Last year a bunch of research firms put out studies showing that netbook shipments in 2008 were up over 2007 shipments by astronomical figures. That’s hardly surprising since the Eee PC 701 was pretty much the only netbook on the market in 2007, and it didn’t hit the streets until November of that year. But while 2008 was a big year for mini-laptops, it looks like 2009 was an even bigger year. Strategy Analytics says that netbook shipments grew by 79% in 2009.

That comes to 30.2 million netbooks shiped globally in 2009. The researchers says Acer, Asus, HP, and Dell led the pack, although as we also know Toshiba, Samsung, MSI, and others have put out fairly well received netbooks.

Strategy Analytics predicts 2010 will be another strong year for netbooks. But the traditional concept of a mini-laptop with a low power processor, 10 inch or smaller screen, and nearly full sized keyboard may be under attack. We’re going to see a number of companies launch tablet-style devices that could eat away at the netbook market this year. And a growing number of PC makers are putting out 11 and 12 inch notebooks with more powerful graphics and processing capabilities than netbooks, but which generally offer decent battery life at an affordable price.

I’m sure Strategy Analytics probably has some information I’m not privy to which leads to their conclusion that netbooks will be able to fend off those challenges. But I don’t feel like spending $7,000 on their full report to find out.

via Eee

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8 replies on “Netbook shipments jumped 79% in 2009”

  1. “With the iPad still two months away,” writes FT’s David Gelles of the Apple e-book strategy, “there are many unanswered questions. For example, it is unclear whether users will be able to download non-DRM e-books from the web and read them, and what impact a Kindle app on the iPad will have on Apple’s own digital books sales.” Bravo to FT for helping to educate consumers. NIL points for iPad here.

    Furthermore, if you believe the figures, DELL, HP and Toshiba will see a slump in Laptop sales, not even considering the more believable figures of netbooks sold in 2010/11. Considering Chrome OS, Google and software like ‘Netbook Pack’ which upgrades any netbook to a Chrome OS version for $49.00 – it seems hard to believe the estimated sales figures for the iPad will stack up.

    More here:

  2. Think netbooks will have another good year, but ist just won’t be a great year to buy another netbook. If you bought a netbook 12-18 months ago you won’t find much to ‘upgrade’ into unless you bought a lemon netbook last year.

    With that said, I think the market will provide very large for selling people their ‘first netbook’ or first tablet. The market is still very open to the basic 10″, Atom CPU, 160 GB HDD netbook. Such netbooks are great values, and if you can get one with a ION or a Broadcaom HD chip all the better.

  3. The reason I bought the Asus EEE 701a and Acer Aspire One was the light weight and portablity of them. I have a bigger notebook computer but it is balky to carry with me to most places. I also like the low price. I think this – IMO – the selling point for netbooks.

    IMO – anything bigger than 10 inch is a mini-laptop and not really a netbook computer.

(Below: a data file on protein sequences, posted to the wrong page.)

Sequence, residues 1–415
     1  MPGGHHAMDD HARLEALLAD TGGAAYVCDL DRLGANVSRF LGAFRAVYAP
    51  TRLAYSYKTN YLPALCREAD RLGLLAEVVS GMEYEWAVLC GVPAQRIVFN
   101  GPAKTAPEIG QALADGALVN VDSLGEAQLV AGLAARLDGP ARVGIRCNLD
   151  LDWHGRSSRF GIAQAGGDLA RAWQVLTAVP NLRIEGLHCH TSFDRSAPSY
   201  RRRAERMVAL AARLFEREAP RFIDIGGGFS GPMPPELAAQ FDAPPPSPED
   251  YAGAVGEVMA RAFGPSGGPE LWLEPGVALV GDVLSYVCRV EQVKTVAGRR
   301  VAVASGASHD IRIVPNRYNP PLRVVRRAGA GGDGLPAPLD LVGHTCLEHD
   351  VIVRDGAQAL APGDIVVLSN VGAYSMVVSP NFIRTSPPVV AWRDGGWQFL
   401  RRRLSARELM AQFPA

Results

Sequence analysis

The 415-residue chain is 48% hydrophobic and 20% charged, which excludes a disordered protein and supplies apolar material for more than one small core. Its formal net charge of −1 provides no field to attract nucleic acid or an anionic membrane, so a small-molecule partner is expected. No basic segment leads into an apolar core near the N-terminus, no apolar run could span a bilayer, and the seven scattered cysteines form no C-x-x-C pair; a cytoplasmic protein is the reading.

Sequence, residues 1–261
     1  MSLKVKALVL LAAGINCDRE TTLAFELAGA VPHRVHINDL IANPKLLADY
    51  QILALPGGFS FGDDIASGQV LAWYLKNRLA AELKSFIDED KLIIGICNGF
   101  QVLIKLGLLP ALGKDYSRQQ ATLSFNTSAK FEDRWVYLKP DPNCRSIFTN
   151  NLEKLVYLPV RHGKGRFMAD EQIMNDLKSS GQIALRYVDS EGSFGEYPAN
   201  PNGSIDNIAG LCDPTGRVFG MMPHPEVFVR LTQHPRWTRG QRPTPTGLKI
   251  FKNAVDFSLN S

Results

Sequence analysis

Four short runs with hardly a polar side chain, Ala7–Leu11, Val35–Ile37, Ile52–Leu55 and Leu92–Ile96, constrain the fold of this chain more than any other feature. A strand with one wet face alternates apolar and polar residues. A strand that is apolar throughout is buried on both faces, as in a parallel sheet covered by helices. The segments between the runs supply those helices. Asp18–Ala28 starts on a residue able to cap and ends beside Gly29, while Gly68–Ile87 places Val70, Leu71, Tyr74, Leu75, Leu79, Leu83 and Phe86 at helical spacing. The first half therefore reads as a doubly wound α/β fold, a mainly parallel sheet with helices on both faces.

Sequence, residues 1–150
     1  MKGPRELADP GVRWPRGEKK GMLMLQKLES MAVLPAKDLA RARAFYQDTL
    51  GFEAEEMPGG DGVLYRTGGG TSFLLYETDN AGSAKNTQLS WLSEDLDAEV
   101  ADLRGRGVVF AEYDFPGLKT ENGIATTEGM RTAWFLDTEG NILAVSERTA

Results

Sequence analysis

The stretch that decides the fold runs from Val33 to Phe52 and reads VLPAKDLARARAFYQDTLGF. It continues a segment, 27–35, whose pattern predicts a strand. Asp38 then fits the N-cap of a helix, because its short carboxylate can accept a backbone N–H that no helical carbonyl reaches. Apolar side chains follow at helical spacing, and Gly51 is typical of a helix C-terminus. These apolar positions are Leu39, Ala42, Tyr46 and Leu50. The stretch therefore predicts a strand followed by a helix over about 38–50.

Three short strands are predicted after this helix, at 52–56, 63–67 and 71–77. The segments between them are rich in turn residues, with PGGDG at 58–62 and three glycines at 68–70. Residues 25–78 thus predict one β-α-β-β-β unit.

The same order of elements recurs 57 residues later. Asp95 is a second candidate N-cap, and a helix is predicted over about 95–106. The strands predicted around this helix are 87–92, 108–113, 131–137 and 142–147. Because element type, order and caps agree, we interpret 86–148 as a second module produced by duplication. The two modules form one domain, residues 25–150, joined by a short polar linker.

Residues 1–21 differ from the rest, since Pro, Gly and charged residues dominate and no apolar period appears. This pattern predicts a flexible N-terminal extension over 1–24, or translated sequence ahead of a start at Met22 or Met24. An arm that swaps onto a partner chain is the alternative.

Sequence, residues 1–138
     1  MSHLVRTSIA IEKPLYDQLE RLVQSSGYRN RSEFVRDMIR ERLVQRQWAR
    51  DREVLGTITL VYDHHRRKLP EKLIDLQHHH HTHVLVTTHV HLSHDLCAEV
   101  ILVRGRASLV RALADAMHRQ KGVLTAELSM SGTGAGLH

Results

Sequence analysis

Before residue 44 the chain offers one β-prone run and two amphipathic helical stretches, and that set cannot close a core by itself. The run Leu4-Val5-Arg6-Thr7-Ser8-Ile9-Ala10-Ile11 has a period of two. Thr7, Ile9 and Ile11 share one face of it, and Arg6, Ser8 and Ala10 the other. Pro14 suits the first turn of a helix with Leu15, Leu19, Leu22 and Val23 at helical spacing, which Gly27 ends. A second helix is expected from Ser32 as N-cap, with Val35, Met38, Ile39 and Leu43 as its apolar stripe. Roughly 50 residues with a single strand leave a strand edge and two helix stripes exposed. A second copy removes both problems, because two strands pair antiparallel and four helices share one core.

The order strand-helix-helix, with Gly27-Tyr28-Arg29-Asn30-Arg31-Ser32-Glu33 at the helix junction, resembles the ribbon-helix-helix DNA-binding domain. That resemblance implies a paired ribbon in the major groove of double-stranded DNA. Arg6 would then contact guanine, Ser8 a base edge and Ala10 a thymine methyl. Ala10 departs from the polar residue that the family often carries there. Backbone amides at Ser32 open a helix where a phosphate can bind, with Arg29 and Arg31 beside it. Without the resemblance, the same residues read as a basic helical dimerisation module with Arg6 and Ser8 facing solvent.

I think tablets have their usages but I do not think they will threaten netbook sales. One can do so much more with a netbook.

    1. Not to get overly side tracked, and often I’m guilty of this debate, however…

      An 11 inch or 12 inch computer with Atom isn’t a netbook because? By the same logic, why is a 10 inch computer also called a smartbook in some cases? You know why. It’s because of the… processor. Sure price and weight have a role in definition, but let’s get real. What is actually a “netbook computer” needs to evolve with reality. Unfortunately, some of us are stuck in our thinking. Netbook has evolved, I just wish other posters and bloggers would evolve with the product. Atom is the true key in the netbook definition now.

      1. And what about those other netbooks that use AMD/Via CPUs?
        Not to mention many online resellers now refer to CULV laptops as netbooks.
        Quite frankly, the netbooks, like laptops and desktops, are defined by more than one element; no single element can collectively define netbooks and netbooks only.

        Personally, I define netbooks as low-power, small, light weight (<3 lbs) x86 platform computers. But being a subcategory of notebooks, netbooks is very vaguely defined and often overlaps other sectors of notebooks (ultraportables, thin and lights, etc.)

  4. I would disagree on the point of a “threat” from tablets. Quite honestly, I’m not so sure about tablets. It sounds great, but from a productivity perspective, listing the can do’s and can not do’s compared to netbooks, I think you will find netbooks can do it all, plus more. Mainstream public don’t enjoy non MS operating systems. Most people want to work and type. A tablet will have a real identity crisis simply because you can’t type on it and you will see ereaders will far superior battery life. A netbook will server far more value than a tablet. Further, if ION 2 really is endorsed by all the manufacturers, then even more reason for increased netbook market share in 2010. Now of course the companies want to keep netbooks at bay, otherwise people will opt for a cheaper 10-12″ Atom computer with ION and will not be interested in jumping into their ULV higher priced bracket.

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